Mike Shildt made a gutsy call on Monday by giving the ball to Carlos Martinez in the ninth inning. Like it or not, good or bad, smart or stupid, that’s what the St. Louis Cardinals manager continues to do as a leader.
After Sunday’s ninth-inning debacle, St. Louis Cardinals manager, Mike Shildt, apparently didn’t blink an eye by handing over the ball again to Carlos Martinez. With Monday’s NLDS game vs the Atlanta Braves tied 4-4 in the ninth, Shildt called again to his often erratic closer.
Shildt’s confidence in Martinez then paid off when, after giving up a lead off ground rule double to Ronald Acuna, the right hander retired the next three Braves hitters. Two pop ups and a ground out to the top of their order which included Ozzie Albies, Freddie Freeman, and Josh Donaldson.
After Miles Mikolas’ 10 pitch, three up and three down, 10th inning relief outing, the Cardinals won a dramatic victory in the bottom of the 10th. Yadier Molina’s fly ball brought in Kolten Wong from third base and the Cardinals tied the NLDS, setting up a fifth and deciding game in Atlanta on Wednesday.
Monday’s gutsy call demonstrates Shildt’s leadership style.
Martinez’s 16-pitch ninth inning restored confidence, if not with Cardinal fans, at least in himself. But the credit for Martinez living to fight another day should be given to Mike Shildt and his unrelenting confidence in ‘one of his guys.’
Monday’s episode illustrates Shildt’s leadership style in standing up for the guys on his roster when many fans start to bail out on a particular player. Fans have had up and down relationships with players such as Matt Carpenter, Harrison Bader, Adam Wainwright, and Michael Wacha, just to name a few.
MIke Shildt could have given up on any of the above players during the season and many fans wouldn’t have criticized him for it. In spite of Carpenter’s and Bader’s struggles at the plate, and Wainwright’s and Wacha’s struggles on the mound, Shildt believed in these players and never waivered.
While Bader continues to struggle, Carpenter has found an important role in coming off the bench as a pinch hitter, batting .289 in his last 30 games. MIchael Wacha found his role in the bullpen and as spot starter with a 3.86 ERA in his last 15 outings.
However, Adam Wainwright may be the biggest beneficiary of Shildt’s leadership style this year. The future Cardinal Hall of Famer-who-should-have-won-at-least-one Cy Young Award, has been effective in the four spot in the rotation. Even though his season ERA stands at 4.19, at home his ERA stands at 2.56.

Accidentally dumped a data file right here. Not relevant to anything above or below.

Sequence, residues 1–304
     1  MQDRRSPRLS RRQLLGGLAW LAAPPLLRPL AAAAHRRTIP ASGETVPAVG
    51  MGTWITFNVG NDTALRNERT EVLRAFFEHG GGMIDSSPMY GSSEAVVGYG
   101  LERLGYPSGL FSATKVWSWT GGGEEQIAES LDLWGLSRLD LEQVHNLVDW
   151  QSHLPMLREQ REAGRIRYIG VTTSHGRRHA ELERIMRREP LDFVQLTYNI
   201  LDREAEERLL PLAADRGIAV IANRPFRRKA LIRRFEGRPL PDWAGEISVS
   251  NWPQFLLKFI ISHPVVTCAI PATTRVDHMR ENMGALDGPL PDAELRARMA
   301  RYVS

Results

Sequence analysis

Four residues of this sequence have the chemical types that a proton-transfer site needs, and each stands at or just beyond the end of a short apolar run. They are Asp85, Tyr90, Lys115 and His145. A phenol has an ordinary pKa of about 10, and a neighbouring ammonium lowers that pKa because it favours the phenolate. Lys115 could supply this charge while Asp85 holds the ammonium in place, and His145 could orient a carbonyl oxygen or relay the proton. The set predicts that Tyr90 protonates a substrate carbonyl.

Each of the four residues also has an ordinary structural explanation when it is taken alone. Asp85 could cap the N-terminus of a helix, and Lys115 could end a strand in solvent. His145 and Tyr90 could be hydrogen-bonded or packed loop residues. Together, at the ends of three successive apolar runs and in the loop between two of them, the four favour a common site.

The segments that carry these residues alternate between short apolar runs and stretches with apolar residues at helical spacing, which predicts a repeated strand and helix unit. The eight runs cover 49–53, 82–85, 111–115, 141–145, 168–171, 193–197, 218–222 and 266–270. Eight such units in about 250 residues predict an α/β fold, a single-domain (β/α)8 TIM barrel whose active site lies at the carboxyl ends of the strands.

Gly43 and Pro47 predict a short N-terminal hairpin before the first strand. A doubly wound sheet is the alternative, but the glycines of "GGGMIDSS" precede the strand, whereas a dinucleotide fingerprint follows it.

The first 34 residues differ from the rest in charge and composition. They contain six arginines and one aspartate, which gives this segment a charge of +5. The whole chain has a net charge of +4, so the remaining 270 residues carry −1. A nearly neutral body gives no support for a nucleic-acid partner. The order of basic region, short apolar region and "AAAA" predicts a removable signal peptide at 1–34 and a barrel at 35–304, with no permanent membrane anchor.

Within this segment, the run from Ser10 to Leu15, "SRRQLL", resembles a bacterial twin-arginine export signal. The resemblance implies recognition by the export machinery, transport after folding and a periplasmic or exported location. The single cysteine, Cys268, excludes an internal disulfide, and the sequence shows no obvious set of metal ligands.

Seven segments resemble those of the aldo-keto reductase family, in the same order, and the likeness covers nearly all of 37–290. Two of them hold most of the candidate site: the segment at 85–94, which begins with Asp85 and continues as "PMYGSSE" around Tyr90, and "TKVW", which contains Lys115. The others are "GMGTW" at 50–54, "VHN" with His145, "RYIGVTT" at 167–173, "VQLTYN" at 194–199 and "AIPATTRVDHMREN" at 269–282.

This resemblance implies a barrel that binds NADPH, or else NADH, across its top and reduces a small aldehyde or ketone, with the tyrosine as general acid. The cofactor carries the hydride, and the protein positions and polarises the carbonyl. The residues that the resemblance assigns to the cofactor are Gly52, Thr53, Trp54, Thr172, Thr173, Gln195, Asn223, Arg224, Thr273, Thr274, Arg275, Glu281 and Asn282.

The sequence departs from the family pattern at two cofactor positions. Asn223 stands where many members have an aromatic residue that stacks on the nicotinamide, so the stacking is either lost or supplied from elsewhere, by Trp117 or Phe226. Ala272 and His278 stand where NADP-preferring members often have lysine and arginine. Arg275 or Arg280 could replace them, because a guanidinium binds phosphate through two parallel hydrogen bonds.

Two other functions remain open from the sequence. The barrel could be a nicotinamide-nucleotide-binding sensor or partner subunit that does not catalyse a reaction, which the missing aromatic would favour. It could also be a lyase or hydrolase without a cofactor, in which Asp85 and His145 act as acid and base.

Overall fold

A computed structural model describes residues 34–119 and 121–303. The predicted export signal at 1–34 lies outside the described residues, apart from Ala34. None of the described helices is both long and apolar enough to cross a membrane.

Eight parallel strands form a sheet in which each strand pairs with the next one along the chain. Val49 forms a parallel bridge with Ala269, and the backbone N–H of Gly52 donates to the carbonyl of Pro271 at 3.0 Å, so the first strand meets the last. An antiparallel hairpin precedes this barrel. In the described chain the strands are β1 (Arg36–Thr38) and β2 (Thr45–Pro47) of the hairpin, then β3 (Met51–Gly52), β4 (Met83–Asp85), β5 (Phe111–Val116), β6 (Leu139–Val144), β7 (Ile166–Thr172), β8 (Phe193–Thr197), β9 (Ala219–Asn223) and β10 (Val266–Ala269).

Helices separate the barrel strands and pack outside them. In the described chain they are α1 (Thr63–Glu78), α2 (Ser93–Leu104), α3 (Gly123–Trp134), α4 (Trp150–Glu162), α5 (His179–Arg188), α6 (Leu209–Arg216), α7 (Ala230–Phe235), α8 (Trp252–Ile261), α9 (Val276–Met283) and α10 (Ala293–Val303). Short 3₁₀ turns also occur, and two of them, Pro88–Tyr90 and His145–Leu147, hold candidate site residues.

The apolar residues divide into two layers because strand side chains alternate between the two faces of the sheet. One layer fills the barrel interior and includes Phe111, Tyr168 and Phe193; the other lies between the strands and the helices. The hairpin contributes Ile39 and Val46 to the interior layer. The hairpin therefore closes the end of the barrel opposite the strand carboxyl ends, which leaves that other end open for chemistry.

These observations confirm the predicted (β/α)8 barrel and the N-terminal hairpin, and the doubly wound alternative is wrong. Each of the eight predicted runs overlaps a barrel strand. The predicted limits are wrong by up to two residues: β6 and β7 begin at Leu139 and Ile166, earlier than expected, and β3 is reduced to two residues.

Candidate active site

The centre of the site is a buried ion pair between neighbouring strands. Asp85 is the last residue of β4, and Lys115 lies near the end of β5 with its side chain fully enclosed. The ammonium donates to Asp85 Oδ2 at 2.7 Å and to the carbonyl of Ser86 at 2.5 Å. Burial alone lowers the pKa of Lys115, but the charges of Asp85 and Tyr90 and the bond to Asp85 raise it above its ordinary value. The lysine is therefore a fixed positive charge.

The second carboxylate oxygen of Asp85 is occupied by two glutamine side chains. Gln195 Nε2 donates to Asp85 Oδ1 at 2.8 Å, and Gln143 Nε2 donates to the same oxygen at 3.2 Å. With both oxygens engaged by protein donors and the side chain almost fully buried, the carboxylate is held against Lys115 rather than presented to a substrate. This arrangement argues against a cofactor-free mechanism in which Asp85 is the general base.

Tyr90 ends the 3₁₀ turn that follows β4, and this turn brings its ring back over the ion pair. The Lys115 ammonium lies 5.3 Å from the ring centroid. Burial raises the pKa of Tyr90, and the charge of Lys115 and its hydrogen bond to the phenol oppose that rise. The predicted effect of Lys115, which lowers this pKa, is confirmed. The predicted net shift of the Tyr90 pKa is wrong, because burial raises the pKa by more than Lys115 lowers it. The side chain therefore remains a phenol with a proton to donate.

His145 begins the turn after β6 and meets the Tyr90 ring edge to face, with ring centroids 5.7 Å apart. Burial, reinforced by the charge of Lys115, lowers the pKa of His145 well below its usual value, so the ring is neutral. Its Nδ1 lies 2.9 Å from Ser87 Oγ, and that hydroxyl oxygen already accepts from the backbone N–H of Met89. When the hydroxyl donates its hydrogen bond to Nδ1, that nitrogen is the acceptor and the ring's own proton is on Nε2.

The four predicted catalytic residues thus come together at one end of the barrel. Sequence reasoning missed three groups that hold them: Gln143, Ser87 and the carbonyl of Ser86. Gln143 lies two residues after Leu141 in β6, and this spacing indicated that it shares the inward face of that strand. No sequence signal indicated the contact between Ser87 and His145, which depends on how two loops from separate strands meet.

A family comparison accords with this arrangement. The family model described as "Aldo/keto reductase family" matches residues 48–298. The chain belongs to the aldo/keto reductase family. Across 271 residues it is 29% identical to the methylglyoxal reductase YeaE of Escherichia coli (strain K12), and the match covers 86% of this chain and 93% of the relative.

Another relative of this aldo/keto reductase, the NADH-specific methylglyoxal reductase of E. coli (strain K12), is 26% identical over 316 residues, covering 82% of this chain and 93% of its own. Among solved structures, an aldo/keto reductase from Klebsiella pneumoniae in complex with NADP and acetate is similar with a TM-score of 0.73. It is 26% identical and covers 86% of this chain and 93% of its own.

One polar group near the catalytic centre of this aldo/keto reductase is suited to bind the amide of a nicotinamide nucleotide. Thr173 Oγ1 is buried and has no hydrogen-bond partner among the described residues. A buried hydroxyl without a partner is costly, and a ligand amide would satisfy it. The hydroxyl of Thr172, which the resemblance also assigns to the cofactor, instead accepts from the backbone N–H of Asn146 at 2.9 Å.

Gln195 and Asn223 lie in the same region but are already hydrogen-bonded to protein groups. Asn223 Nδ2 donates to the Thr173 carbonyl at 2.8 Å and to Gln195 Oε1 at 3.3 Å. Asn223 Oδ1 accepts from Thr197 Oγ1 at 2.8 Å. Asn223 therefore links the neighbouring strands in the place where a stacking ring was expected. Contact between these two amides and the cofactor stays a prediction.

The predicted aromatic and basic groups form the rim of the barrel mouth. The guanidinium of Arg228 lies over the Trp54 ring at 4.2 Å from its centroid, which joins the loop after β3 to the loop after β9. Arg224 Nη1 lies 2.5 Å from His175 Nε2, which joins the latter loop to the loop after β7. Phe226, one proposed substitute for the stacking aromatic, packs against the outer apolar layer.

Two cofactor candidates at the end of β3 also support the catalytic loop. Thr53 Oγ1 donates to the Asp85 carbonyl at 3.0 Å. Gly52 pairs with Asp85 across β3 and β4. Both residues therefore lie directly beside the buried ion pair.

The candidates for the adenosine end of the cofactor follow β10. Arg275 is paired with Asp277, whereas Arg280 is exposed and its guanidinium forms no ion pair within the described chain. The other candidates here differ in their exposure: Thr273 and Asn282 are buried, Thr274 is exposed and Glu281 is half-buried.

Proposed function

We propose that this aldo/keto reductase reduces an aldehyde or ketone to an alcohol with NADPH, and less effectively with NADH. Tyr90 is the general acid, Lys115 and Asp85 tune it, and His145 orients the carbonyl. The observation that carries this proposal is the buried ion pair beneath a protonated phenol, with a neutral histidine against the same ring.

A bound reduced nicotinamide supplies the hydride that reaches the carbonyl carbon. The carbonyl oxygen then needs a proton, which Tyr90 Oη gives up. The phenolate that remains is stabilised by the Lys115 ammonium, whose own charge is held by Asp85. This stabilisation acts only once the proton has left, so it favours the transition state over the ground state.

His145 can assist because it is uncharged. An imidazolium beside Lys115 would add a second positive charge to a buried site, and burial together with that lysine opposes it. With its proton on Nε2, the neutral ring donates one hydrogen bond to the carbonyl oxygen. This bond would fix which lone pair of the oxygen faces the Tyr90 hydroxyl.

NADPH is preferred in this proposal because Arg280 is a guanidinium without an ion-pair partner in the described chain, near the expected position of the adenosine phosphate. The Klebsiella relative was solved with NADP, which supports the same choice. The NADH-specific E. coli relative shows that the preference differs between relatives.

It’s not just based on sentiment, its pragmatic
This may sound like it’s all based on sentiment, but Mike Shildt’s leadership style has a pragmatic side to it. It’s the roster he has been given and he has to make it work. This is best demonstrated by the case of Carlos Martinez.
Who else is going to close out games for the Cardinals in this postseason? Giovanny Gallegos and Ryan Helsley haven’t had the experience to turn to in the postseason. Really, other than Andrew Miller, no one else has any extensive experience to close out in a high leverage situation.
Carlos wasn’t who Mike Shildt or the Cardinals front office counted on to be the closer in 2019. But with the season-ending injury to Jordan Hicks and Andrew MIller’s inconsistency, who else was Shildt going to turn to? Carlos was the pragmatic choice and it has worked well in most situations.
However, Mike Shildt is not above criticism.
Criticism of Mike Shildt is legitimate and shouldn’t be discounted. Should Shildt have sent Harrison Bader down sooner than he did? Did he stay too long with Matt Carpenter before moving him to a bench role?
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As with most managers, legitimate questions could be asked about Shildt’s in-game decisions. This obviously arose Sunday, when he decided to walk Brian McCann and pitch to the Braves hottest postseason hitter, Dansby Swanson.
Also, could have he pulled Carlos sooner and gone back into the bullpen? Carlos was struggling and maybe another call to the bullpen was needed. All are honest questions.
Nevertheless, Mike Shildt has proven more right than wrong with his decisions to stand by his players. Staying with Carlos Martinez in the closer role is the right call for this postseason. It’s paid off for the Cardinals all year. At this point, you just can’t go in another direction.
Mike Shildt’s call on Monday wasn’t popular, but it was gutsy and…the right call. During the offseason, the Cardinals can relook at the closer position, but for now, Carlos Martinez is and should be the closer.